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Cleaner air could combat coronavirus

The city of Chesterfield is investigating the implementation of a bipolar ionization air purification (BIAP) system for several of its facilities.

The BIAP system purifies the air by eliminating airborne particulates, odors and pathogens. It attaches to a building’s existing HVAC system. Using specialized tubes, it takes oxygen molecules from the air and converts them into charged atoms that cluster around microparticles, surrounding and deactivating harmful substances.

Bipolar ionization air purification system (Source: AtmosAir)

Jim Eckrich, director of public works, said city staff has been searching for ways to operate facilities that are safe for employees and the public in the wake of the coronavirus pandemic.

“We believe a BIAP system would be an effective tool in our fight against COVID-19 and future viruses,” Eckrich said.

Estimated to cost $80,000, the technology would be used at city hall; the public works facility; the parks maintenance facility; parks concessions buildings, including at the amphitheater and aquatic center, Eckrich said.

Council member Ben Keathley (Ward 2) questioned the research.

“We’re talking about a significant investment here,” Keathley said. “There’s enough questions raised by other people out there, that I would like to know the numbers on how marginal are the improvements or how significant are the improvements on the overall health quality for the buildings?”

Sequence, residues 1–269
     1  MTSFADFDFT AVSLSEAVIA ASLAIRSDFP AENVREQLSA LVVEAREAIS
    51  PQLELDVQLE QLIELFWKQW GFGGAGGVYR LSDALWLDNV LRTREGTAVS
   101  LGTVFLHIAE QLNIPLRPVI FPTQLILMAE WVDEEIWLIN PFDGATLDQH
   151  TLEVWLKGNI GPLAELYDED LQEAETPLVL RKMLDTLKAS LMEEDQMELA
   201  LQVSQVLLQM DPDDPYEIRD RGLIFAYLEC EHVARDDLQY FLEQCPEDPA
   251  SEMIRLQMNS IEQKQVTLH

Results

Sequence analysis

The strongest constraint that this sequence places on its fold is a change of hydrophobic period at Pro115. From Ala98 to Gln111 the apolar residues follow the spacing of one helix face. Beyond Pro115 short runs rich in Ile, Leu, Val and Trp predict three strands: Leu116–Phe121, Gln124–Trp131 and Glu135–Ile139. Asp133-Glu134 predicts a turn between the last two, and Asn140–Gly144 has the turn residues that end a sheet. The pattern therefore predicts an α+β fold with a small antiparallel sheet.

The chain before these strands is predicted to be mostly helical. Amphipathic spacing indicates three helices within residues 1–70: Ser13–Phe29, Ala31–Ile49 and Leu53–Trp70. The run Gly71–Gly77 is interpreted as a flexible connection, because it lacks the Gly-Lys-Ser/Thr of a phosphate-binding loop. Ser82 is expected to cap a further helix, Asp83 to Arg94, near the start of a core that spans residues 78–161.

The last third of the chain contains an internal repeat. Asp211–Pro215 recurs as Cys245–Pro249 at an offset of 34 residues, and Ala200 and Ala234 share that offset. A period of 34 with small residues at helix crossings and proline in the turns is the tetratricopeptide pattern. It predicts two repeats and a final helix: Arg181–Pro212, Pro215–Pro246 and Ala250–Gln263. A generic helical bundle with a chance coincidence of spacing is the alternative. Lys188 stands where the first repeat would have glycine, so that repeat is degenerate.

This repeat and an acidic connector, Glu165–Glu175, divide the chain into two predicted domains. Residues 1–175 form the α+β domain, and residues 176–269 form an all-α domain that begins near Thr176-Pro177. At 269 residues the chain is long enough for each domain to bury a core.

Eckrich pointed out in his report that a study by Analytical Lab Group showed a reduction in coronavirus aerosols of up to 90% after 60 minutes.

But council member Tom DeCampi (Ward 4) wasn’t convinced of the clinical evidence, saying he hadn’t seen any published white papers yet.

“(At) our last meeting we were talking about raising taxes on our residents and now we’re talking about spending $80,000 on an air purification system,” DeCampi said. “I just don’t think the optics are good here, so I can’t support this.”

The city has requested funding for the BIAP system from the CARES Act through St. Louis County Department of Health but it has not heard anything back yet, according to City Administrator Mike Geisel.

St. Louis County has yet to distribute the $47.1 million it set aside for municipalities from the $173.5 million in federal coronavirus relief.

At the Sept. 9 meeting, council member Barb McGuinness (Ward 1) made an amendment to the motion to secure CARES Act funding prior to going out to bid on the BIAP system. The motion was approved 8-0.

Concerns about the coronavirus have led to a surge in popularity for BIAP systems. Locally, the BIAP system has been used by both Emerson Electric and RGA.

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